Serum neopterin, an immune activation marker, independently predicts disease progression in advanced HIV-1 infection.Clin Infect Dis. 2005 Mar 15; 40(6):853-8.CI
CD4+ T lymphocyte (CD4) counts and plasma human immunodeficiency virus (HIV) type 1 RNA concentrations predict clinical outcome in HIV-1 infection. Our objective was to assess the independent prognostic value for disease progression of soluble markers of immune system activation.
This retrospective marker-validation study utilized previously obtained clinical and laboratory data, including CD4+ cell counts, and made use of stored frozen serum samples to assay for levels of beta2-microglobulin, neopterin, endogenous interferon, triglycerides, interleukin-6, soluble tumor necrosis factor- alpha receptor II, and HIV-1 RNA, and to determine HIV genotypic reverse-transcriptase inhibitor resistance. The 152 patients who participated in this study represented a subsample of participants in AIDS Clinical Trials Group (ACTG) 116B/117, a randomized trial that demonstrated the clinical benefit of didanosine over zidovudine monotherapy in persons with advanced HIV-1 infection. Marker data were analyzed in relation to protocol-defined clinical disease progression, using Cox proportional hazards models.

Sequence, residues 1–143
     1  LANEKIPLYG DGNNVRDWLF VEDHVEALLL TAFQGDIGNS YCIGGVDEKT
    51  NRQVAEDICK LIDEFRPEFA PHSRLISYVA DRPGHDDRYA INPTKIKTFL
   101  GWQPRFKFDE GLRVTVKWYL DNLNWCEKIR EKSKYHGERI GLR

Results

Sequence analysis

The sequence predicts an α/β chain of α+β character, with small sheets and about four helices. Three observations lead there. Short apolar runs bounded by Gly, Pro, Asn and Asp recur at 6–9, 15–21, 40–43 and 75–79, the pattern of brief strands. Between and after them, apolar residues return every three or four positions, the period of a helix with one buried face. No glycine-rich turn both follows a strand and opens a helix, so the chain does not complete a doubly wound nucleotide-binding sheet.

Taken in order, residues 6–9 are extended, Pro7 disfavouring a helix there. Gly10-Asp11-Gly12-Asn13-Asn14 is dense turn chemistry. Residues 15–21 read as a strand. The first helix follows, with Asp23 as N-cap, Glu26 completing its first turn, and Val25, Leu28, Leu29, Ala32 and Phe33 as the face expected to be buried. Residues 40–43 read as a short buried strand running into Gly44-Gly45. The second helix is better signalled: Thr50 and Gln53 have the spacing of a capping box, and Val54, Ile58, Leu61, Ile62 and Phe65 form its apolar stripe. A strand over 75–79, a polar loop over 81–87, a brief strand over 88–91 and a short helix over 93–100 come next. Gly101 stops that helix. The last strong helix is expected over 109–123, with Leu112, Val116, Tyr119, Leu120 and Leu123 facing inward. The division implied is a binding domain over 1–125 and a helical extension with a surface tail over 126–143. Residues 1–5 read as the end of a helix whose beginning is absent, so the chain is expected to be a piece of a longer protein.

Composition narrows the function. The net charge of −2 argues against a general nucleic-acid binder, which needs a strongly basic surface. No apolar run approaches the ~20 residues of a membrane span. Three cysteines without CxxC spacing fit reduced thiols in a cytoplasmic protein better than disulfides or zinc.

The median duration of follow-up was 344 days. Elevated baseline values for neopterin (P=.0009), endogenous interferon (P=.00039) and interleukin-6 (P=.0007) were each associated with greater subsequent risk of clinical disease progression. In a head-to-head comparison that was adjusted for CD4+ cell count (P=.0165) and HIV-1 RNA level (P=.1220), we found that elevated values for neopterin (P=.0002) and, to a lesser extent, endogenous interferon (P=.0053) were the strongest predictors of increased risk of clinical disease progression 6 months later.
Soluble markers of immune activation add prognostic information to CD4 counts and viral load for risk of disease progression in advanced HIV-1 infection. The robust performance of neopterin, an inexpensive and reliably measured serum marker, supports its potential suitability for patient monitoring, particularly in resource-limited settings.